“Scientific research and monitoring are supported to better understand the Arabian oryx’s needs and develop effective protection strategies. Additionally, sustainable development and ecotourism are emphasized to promote wildlife growth and provide income for local communities, encouraging responsible resource management.

“Partnerships with international organizations further enhance conservation projects, with local communities actively participating in their implementation and training programs.”

Meanwhile, in the Kingdom’s northwest, the Royal Commission for AlUla works closely with its global network of partners, including the International Union for the Conservation of Nature, to secure a future for the Arabian oryx.

“We work with experts in the field to ensure scientifically sound conservation practices, which form the backbone of RCU’s multifaceted approach to protect the Arabian oryx alongside other native species of animals including different species of gazelles and ibex,” Stephen Browne, executive director of wildlife and natural heritage at the RCU, told Arab News.

Last year, the RCU carried out its largest animal release since its reintroduction program was launched in 2019. Held over five phases, 1,580 animals, including Arabian gazelle, sand gazelle, Arabian oryx, and Nubian ibex, were released into AlUla’s nature reserves.

“Since then, we have seen successful births of Arabian oryx in AlUla’s nature reserves as populations grow and take hold in their new environment, proving that our restoration efforts are slowly coming to fruition,” said Browne.

“As more Arabian oryx are released into the wild, and more births recorded, it is hoped that AlUla’s nature reserves can support growing numbers of this important native species.”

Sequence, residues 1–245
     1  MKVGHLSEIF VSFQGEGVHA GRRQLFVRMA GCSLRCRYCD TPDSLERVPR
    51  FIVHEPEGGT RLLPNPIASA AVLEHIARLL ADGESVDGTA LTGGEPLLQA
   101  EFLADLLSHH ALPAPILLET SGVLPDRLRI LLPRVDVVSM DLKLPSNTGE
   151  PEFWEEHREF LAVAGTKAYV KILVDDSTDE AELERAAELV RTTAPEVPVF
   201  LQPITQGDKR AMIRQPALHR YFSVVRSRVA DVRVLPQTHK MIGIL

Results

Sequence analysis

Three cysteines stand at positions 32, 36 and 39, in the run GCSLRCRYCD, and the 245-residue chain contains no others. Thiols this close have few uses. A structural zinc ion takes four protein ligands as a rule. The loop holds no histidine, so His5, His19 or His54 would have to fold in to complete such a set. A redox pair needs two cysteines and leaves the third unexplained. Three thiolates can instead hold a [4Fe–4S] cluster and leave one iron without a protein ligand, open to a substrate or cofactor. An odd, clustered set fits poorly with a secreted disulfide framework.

Once close to extinction, these graceful creatures now symbolize environmental renewal and the cultural heritage of Saudi Arabia and the Middle East. (Supplied)

The revival of the Arabian oryx is a part of a concerted, long-term effort by conservation groups, national rewilding programs, and zoos to establish and slowly increase breeding populations before their eventual reintroduction into the wild.

“The RCU releases Arabian oryx into AlUla’s network of nature reserves as part of its comprehensive rewilding strategy that is helping to restore balance to the natural world and revive once-degraded ecosystems,” said Browne.

“Teams from RCU’s wildlife and natural heritage department work to strict guidelines established by our international partners, the International Union for the Conservation of Nature, to ensure all our efforts in the wild are both scientifically sound and follow clear conservation practices.”

Arabian oryx are being reintroduced into AlUla’s nature reserves to help restore the ecological balance. “A total of 250 animals have been released so far,” said Browne. “It is hoped that numbers will increase as populations establish themselves and more wild births are recorded.